Professor Nagarajan is also remembered for his outstanding contribution to higher education in India. After he returned to India from Harvard in 1961, he was appointed Chair of the University Department of English and Chairperson of the Board of Studies in English at the University of Poona (now Pune). He taught there till 1977 when he moved to the University of Hyderabad to assume the position of Professor of English, a position he held until he retired in April 1989. At the University of Hyderabad, he was Dean of the School of Humanities for six years and officiated for some time as Vice-Chancellor of the university. 


After his retirement, he served as an Emeritus Fellow of India’s prominent University Grants Commission (UGC). Later, the University of Hyderabad requested him to serve as the inaugural Director of its new Centre for the Study of Comparative Literature. During his tenure as professor at the University of Pune and at Hyderabad, the UGC honored him as National Lecturer in English and as a National Fellow. In addition, he held many fellowships and honorary lectureships, including being a British Council Visitor, an American Studies Fellow at Harvard, a visiting fellow at Clare Hall (Cambridge, U.K.), a Leverhulme Fellow at the Australian National University and a Commonwealth Universities Fellow at the University of Edinburgh. In 1988, he was elected Life Member at Clare Hall at the University of Cambridge. He was also invited to serve as Visiting Professor and advisor for the University of Mauritius during 1993 -1994.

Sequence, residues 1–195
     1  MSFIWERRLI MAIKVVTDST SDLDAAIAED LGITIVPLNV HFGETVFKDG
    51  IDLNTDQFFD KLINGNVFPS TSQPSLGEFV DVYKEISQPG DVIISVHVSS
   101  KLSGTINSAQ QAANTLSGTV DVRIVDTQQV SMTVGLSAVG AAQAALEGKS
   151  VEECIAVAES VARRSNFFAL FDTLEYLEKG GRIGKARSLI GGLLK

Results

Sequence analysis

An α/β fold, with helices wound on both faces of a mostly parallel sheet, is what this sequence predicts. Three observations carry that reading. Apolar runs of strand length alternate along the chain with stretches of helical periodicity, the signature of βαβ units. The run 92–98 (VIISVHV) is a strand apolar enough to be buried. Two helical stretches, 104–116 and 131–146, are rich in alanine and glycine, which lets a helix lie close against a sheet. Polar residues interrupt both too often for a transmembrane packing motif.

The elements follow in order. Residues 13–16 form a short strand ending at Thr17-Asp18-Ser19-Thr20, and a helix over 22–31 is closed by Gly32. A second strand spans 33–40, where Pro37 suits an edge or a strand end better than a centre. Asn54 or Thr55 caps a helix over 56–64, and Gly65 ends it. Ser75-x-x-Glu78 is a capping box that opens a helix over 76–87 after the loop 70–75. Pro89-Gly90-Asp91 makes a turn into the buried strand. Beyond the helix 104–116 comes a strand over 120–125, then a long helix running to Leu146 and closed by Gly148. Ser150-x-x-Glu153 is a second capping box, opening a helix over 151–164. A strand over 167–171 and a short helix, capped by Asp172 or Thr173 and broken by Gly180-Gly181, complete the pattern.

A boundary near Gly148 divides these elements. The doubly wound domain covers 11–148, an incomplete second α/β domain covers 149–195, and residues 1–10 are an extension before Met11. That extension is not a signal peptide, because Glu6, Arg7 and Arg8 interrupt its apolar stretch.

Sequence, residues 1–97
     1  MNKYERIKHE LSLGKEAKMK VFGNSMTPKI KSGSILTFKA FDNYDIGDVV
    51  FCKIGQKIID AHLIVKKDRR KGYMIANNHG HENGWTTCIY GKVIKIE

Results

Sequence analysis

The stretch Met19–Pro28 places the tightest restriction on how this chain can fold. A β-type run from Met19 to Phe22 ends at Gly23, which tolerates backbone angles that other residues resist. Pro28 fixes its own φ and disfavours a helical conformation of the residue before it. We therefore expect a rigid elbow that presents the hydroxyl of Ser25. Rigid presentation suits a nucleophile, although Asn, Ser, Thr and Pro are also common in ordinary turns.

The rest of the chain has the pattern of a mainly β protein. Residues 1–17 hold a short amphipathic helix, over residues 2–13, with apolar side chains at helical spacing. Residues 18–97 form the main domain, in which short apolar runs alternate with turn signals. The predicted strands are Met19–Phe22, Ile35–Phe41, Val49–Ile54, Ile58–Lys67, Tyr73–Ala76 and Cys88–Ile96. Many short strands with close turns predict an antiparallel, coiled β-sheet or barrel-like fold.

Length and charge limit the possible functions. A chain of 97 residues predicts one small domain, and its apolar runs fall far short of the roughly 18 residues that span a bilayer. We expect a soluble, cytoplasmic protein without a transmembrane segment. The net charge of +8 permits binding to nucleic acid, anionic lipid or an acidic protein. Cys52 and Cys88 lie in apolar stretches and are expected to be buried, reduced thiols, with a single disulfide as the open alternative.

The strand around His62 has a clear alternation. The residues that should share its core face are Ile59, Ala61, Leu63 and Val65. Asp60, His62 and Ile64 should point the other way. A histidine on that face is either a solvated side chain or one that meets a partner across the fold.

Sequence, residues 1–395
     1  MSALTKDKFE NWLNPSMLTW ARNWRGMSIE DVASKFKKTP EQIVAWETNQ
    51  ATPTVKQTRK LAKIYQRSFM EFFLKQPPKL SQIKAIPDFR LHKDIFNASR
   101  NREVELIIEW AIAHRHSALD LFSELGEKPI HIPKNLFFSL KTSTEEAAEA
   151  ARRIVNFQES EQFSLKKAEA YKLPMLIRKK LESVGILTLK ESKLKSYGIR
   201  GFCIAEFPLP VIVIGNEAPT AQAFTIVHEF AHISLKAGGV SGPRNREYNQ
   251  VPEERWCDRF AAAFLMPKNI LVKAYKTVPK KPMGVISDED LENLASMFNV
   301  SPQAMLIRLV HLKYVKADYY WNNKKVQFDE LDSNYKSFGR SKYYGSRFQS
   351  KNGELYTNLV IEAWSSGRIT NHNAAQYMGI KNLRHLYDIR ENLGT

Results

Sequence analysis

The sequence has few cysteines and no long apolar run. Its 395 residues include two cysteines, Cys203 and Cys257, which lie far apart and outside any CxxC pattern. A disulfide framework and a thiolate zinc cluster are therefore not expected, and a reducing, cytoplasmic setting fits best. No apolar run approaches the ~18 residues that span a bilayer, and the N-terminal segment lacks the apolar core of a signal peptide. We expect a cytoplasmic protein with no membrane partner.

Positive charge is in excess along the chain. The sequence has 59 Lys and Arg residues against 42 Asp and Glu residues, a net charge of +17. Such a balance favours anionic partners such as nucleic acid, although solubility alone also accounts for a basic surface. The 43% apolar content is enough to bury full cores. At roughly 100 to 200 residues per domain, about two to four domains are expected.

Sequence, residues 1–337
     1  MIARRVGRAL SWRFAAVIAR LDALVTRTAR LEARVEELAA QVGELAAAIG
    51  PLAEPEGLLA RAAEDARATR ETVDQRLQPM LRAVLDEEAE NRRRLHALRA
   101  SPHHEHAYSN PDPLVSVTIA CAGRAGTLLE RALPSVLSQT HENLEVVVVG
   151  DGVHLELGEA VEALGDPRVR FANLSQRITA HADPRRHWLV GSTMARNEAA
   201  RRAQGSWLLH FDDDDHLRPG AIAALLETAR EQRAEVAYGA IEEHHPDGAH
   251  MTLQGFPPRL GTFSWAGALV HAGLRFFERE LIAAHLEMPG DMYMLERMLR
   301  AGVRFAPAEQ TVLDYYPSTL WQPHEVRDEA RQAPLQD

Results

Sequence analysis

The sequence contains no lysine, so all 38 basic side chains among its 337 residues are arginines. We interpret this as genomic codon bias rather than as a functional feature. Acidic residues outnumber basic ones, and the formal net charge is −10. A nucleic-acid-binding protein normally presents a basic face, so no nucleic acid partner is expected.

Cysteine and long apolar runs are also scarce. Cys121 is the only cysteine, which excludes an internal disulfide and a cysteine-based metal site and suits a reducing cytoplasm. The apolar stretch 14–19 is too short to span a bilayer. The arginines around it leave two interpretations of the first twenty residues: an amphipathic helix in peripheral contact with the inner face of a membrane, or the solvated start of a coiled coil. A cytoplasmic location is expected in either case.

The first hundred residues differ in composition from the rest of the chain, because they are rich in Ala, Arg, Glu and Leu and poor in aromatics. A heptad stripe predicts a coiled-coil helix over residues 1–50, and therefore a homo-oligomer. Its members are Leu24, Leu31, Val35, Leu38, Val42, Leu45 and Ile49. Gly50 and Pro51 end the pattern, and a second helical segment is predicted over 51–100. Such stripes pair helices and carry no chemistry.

Professor Nagarajan will be remembered for his many scholarly accomplishments and his role in advancing higher education in India. But above everything, it was Professor Nagarajan’s students who always brought an unstoppable sparkle and tenderness to his eyes. Their success and achievements evoked in him a parental pride. He gave his everything to students. Every student came away inspired and all felt deep love and respect for him. Students and colleagues were to remain his ever-growing family until he retired and beyond. One of most memorable occasions for Professor Nagarajan was the grand felicitation his former students from across the years hosted for his 75th birthday in Pune (or Poona, as he never stopped calling it by its older name). On hearing the news about Dr. Nagarajan, one of his former students (who now teaches in Belfast, Ireland) wrote, “[Dr. Nagarajan] conveyed to us brilliantly the disturbing power of poetry to teach us what we often did not know of ourselves. It is something we will never forget.”


Professor Nagarajan wrote late into his life. Commenting on his masterful edition of King Lear which was published recently in 2013, Professor Sylvan Barnet, the eminent Shakespeare scholar said, quoting from As You Like it: "O wonderful, wonderful, most wonderful wonderful, and yet again wonderful, and after that, out of all whooping!" Professor Barnet went on to describe the book: “[Nagarajan’s] King Lear is not only for Indian students--it is for all students--yes, and for all readers, including professors--who want a thorough yet judicious, readable commentary on the play.”